Vladimir Putin intended the Winter Olympics opening this week in Sochi to be a showcase for the revived Russia he believes he has created over the past 15 years: an economic power and a conservative counterpoint to the liberal and secular West. In reality, Sochi will provide, at best, another example of how awarding the Games to autocratic governments like that of Putin only reinforces their worst practices while undermining what should be the Olympics’ commitment to human freedom and tolerance.
Even before the Opening Ceremonies, Sochi has become a symbol of the corrupt excess and misplaced priorities of Putin’s regime, which squandered a record $51 billion on the Caucasian resort and yet failed to complete hotels and other needed facilities by this week. Much of the money was lavished on cronies of Putin, including a former childhood judo partner, and opposition leaders say tens of billions were stolen. It’s hard to reconcile this Stalinist excess with Russia’s needs, as an emerging economy, for private and foreign investment, the rule of law and pragmatic economic management.
Even more disturbing is the shadow cast over the Games by Putin’s repellent embrace of homophobia — gays will be welcome in Sochi, he said, provided they “leave kids alone” — and restrictions on free speech and protests. Like Beijing in 2008, Sochi will have designated protest zones, but Russian dissenters who manage to penetrate massive security deployments and obtain an official permit will find themselves 7 miles from the nearest Olympic site.
President Barack Obama and other Western leaders rightly chose not to sanction this spectacle with their presence. Many of the athletes and spectators who do attend will be worried about the possibility of terrorist attacks, especially following reports that “black widows” — female would-be suicide bombers — have infiltrated the city. While such threats are an unfortunate aspect of all Olympics, they have been compounded by Putin’s hubristic promotion of Sochi, which lies adjacent to Caucasian republics where brutal repression by Russian security forces has spawned one of the world’s most virulent homegrown terrorist movements.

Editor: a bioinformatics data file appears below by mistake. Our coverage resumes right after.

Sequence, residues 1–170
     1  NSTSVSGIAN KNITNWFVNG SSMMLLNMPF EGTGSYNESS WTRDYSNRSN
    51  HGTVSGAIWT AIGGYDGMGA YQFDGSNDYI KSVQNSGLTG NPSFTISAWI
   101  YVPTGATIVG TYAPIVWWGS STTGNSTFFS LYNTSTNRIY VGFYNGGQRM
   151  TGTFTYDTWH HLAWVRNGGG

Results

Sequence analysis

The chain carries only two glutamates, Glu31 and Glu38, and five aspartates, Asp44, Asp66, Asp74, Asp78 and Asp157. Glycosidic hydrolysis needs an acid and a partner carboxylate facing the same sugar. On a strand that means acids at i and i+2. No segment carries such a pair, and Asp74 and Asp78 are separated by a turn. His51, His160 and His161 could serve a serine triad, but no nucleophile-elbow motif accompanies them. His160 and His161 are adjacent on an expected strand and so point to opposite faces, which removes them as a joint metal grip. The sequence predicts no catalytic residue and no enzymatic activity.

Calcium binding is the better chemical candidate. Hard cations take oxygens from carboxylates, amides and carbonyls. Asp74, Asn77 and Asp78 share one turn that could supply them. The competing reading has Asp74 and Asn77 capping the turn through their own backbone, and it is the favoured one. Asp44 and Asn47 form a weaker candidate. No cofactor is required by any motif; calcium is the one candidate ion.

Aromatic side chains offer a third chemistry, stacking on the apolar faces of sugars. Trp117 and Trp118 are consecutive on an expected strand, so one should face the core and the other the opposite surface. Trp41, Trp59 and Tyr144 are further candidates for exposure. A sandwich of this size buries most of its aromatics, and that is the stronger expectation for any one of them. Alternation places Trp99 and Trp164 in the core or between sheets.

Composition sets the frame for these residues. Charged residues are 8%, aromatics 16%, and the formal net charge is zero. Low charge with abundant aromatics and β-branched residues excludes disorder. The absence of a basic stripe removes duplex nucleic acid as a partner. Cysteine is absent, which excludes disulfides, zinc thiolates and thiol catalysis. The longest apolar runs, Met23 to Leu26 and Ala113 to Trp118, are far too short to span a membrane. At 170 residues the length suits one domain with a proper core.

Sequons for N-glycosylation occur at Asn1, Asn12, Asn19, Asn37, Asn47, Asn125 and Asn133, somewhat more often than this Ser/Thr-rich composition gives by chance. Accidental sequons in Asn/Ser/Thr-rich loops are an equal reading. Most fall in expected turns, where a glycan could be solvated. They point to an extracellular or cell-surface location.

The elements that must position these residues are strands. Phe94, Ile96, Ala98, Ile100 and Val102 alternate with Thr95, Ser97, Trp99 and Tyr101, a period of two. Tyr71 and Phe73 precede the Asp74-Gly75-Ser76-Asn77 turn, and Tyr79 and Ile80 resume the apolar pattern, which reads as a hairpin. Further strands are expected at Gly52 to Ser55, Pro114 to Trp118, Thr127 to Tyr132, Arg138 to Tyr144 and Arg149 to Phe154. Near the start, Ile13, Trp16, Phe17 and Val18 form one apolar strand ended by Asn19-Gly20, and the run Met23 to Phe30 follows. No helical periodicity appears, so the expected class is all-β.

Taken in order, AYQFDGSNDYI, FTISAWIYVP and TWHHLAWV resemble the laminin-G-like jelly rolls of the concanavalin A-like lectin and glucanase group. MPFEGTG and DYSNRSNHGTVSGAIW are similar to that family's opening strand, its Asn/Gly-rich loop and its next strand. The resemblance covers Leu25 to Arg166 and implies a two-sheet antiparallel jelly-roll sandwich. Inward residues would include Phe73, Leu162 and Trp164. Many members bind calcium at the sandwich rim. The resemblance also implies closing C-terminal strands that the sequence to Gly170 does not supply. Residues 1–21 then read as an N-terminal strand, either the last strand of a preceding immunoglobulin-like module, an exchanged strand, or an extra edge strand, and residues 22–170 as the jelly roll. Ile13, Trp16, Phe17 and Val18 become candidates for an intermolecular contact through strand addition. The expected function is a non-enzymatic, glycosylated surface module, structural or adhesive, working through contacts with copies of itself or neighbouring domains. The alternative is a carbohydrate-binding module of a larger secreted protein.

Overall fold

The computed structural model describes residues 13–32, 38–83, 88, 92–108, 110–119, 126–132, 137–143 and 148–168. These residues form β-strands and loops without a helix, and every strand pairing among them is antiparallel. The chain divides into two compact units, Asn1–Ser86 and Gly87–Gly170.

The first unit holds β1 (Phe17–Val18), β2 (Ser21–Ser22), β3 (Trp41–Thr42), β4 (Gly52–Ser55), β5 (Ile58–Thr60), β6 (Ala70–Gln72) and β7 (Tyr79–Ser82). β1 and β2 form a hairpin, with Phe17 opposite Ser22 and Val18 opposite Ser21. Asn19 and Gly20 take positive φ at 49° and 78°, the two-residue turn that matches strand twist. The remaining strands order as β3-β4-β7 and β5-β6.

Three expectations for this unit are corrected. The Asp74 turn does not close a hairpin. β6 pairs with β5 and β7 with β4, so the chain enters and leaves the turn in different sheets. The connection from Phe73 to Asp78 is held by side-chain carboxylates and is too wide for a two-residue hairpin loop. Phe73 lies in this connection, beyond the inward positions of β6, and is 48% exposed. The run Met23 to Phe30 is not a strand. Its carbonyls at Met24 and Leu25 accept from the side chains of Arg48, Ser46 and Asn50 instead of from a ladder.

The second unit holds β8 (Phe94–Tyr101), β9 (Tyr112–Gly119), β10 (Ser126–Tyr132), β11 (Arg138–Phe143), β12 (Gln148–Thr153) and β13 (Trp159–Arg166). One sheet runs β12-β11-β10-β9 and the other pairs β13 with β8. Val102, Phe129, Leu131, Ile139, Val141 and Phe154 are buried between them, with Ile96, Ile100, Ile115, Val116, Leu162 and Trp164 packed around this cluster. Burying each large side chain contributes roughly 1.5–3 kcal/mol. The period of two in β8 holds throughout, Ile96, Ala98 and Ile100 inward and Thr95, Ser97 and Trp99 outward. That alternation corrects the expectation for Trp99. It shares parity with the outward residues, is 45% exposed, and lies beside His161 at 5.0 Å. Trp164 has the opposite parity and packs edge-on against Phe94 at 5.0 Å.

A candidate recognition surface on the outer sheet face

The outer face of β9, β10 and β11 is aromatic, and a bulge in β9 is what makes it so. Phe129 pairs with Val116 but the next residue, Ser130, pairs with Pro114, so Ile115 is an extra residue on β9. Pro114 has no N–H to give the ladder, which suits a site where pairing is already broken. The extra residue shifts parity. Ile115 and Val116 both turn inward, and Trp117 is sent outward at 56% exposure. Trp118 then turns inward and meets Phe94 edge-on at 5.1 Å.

Predictably, the International Olympic Committee is defending Putin on every aspect of his malfeasance, from the treatment of protesters and gays to the wasteful spending and unfinished hotels. IOC member Mario Pescante of Italy criticized the United States for including openly gay representatives in its official delegation. IOC President Thomas Bach told reporters recently that he is “sleeping very well” in spite of the terrorism alerts and compared Sochi to Salt Lake City, which hosted the Winter Olympics a few months after the attacks of Sept. 11, 2001.
We hope all who compete in or attend the Games are kept safe. But few are likely to confuse Mr. Putin’s muddy police encampment with Salt Lake City, Vancouver or other host cities in democratic nations where Olympics have been built on civic participation, private sponsorship and the rule of law. The enduring problem of the Olympic movement and its leadership is that, like Bach, it is unable to make that distinction.